ReplyDelete

Post a Comment

Thanks, I appreciate all your comments, suggestions and questions, but I don't always get time to reply right away. If you need me to reply personally to a question, please leave your email address in the comment or in your profile, or email me directly on eight.acres.liz at gmail.com

Popular posts from this blog

Getting started with chickens - Tanya from Lovely Greens

Sign up for my weekly email updates here, you will find out more about soap and our farmlife, straight to your inbox, never miss a post!  New soap website and shop opening soon....

Farmer Liz: You will remember Tanya from Lovely Greens from the first series, she lives on the Isle of Mann and added chickens to her garden about a year ago.  You can leave comments for this post on Tanya's blog.



How many chickens (and other fowl) do you keep, what breed and what do you use them for (meat, eggs, slug control etc)?
Tanya: Around the same time that we were initially thinking about having hens another friend beat us to the punch. She went to the local pet store and bought a flat-pack hen house and chicken run combo and found a local farmer who had dozens of semi-feral chickens running around his property. One night he pulled three down from the trees and my friend took them home in a pet carrier. She named them Miracel, Carmen, and Geraldine and though they’re probably related they were all…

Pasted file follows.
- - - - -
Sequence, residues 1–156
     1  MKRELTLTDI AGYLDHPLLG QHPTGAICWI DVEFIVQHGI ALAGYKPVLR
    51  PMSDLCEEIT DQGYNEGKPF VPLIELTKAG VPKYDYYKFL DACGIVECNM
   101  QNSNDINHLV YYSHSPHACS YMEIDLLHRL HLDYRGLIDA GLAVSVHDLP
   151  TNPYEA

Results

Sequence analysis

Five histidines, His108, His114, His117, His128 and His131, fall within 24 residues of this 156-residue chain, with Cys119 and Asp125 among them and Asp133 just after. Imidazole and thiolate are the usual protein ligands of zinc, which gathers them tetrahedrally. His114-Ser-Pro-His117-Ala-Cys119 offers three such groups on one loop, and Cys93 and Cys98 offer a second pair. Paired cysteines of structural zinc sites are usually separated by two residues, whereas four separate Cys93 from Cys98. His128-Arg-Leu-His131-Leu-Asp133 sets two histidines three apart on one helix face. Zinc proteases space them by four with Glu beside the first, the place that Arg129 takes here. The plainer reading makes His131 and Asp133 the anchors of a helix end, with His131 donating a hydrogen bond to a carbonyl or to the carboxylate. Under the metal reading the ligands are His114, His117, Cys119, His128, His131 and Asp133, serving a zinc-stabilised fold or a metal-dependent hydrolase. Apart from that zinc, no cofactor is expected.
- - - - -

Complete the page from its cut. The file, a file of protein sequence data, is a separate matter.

What to do with eight acres

Behind the scenes of my blog I can see the search terms that led people to find my blog.  It can be quite interesting to look through them occasionally and see what people are looking for.  Most of them involve chicken tractors, but another question that comes up regularly is “what can you do with eight acres?” or “how much land is eight acres?”.  Today I will try to answer this question.

Of course it is a very broad question, there are lots and lots of things you can do with eight acres, but I’m going to assume that you want to live there, feed your family and maybe make a little extra money.  I make that assumption because that’s what I know about, if you want to do something else with your eight acres, you will need to look somewhere else.

If you haven’t chosen your land yet, here a few things to look for.  Focus on the things you can’t change and try to choose the best property you can find in your price range.  Look for clean water in dams, bores or wells, either on the property …

Growing mushrooms in my kitchen!

I’ve been wanting to try growing mushrooms for some time. I LOVE mushrooms and we buy them from the supermarket every week, so I was keen to find a way to produce them at home to reduce waste and potentially cost as well.





A few years ago I found out that you could grow mushrooms from the spent mushroom compost from mushroom farms. So we dropped in to a farm on the Sunshine Coast and picked up a couple of boxes for $2 each. I diligently kept them dark and sprayed them with water, but in our climate, I just couldn’t keep them damp enough (and I had to keep them outside because our shed was too hot). I never managed to produce any mushrooms from those boxes, but when I gave up and tipped the compost out onto the garden, mushrooms sprang up everywhere. I wasn’t confident that they were the right mushrooms though, so I didn’t harvest any of those. As the proverb says, All mushrooms are edible, but some only once! I am generally a bit nervous about unidentified fungi.

Since then, I had…